CHARLESTON, W.Va. — Citing failing grades and suspected abuse of some at-risk children, Gov. Jim Justice announced Wednesday that the state’s elementary and middle schools would return to five-day-a-week in-person instruction on Jan. 19 regardless of what the COVID-19 map says about the spread of the virus in their counties.
Justice made the announcement during his Wednesday media briefing which also included announcements about significant developments in the roll-out of the COVID-19 vaccines in West Virginia.
Justice said the school decision is based on information that shows that remote learning is in large part failing. He said it’s believed that as many as one-third of the student population has failed at least one core class this school year. Justice said there’s also information from Child Protective Services that child abuse-neglect reporting is down. Justice said that’s probably because kids aren’t in school.
“We know the virtual concept is the next best thing we got but it’s absolutely not working nearly as what in-school learning is all about,” Justice said.
Beginning Jan. 19, students in grades pre-K through 8 will return to in-person learning five days each week. Students in grades 9 through 12 will also return to in-person instruction five days each week as long as their county is not red.
— West Virginia Department of Education (@WVeducation) December 30, 2020
Justice said high schools would also reopen to in-person instruction on Jan. 19 unless the county in which the school is located is ‘red’ on the COVID-19 daily map. The state Department of Education said Justice’s announcement means the Saturday school alert map would no longer be used.
All schools in the state will be on remote instruction beginning Jan. 4 until Jan. 19. Parents who have chosen the remote/virtual option for their children can remain with that option.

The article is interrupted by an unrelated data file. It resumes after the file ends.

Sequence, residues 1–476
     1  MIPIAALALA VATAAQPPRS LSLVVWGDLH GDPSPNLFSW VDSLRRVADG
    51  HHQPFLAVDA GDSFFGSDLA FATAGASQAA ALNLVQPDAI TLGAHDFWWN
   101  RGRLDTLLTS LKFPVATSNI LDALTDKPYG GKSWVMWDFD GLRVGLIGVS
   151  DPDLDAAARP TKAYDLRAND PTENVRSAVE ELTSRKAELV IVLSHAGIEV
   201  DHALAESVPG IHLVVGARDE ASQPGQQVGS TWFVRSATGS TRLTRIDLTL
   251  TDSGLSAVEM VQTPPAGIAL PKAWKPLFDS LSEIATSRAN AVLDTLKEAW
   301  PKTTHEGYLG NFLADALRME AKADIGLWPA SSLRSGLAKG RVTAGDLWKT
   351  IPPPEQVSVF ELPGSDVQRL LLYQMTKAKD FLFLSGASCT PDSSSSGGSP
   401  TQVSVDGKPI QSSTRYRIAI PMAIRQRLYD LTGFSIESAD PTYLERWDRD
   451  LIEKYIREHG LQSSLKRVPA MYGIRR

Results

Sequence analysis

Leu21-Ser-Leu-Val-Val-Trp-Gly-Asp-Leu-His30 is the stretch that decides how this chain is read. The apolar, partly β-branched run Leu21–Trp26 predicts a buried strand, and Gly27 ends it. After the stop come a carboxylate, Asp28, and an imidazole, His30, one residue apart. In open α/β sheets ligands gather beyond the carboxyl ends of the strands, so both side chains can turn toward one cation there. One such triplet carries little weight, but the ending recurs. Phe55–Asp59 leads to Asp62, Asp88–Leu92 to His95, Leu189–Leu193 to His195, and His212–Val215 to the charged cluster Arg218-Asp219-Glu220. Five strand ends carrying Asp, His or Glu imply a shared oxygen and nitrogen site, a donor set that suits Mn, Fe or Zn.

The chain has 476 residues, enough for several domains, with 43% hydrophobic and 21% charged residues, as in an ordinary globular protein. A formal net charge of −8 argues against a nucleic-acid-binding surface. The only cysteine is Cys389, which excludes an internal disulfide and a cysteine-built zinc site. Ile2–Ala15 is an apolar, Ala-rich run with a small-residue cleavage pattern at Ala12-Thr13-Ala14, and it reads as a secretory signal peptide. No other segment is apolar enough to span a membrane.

State School Superintendent Clayton Burch said he supports Justice’s decision.
“The research shows it is safe to restore the in-person learning model for parents that chose this option for the children,” Burch said. “We also know students are suffering because of the lack of in-person instruction. CPS referrals have decreased, student social and emotional well-being has suffered, and one-third of our students have received failing grades in at least one core subject area. We simply have to get our students back in school, in-person.”
Burch, Justice and state Coronavirus Czar Dr. Clay Marsh also cite studies that show the transmission of COVID-19 is very low among younger children.
“The governor understands the data is undeniable,” Burch said in a statement. “I fully support this decision because we know that heightened transmission rates experienced in communities are not reflected within the schools because of the mitigations in place.”
Justice said county boards of education would still maintain local control over school decisions but he said he hoped that would agree with him that younger students need to be back in school as soon as possible.
Justice also announced all school-associated winter sports would be pushed back to a March 1 start-up date.
“That’s still a lot of time left in the school year to be able to play and have your sports, just think of the numbers that we’ll have vaccinated at that time,” Justice said.
As part of the in-person instruction return, Justice said COVID-19 vaccinations would be made available to teachers and service personnel over the age of 50 beginning next week.
— MetroNews HS Sports (@MetroNewsPrep) December 30, 2020
Vaccinations for the elderly
Another significant announcement, Justice said the state will make available COVID-19 vaccinations available to state residents over the age of 80 as early as Thursday. Justice said the vaccinations would be held at local clinics and at National Guard armories. A schedule is anticipated to be released soon.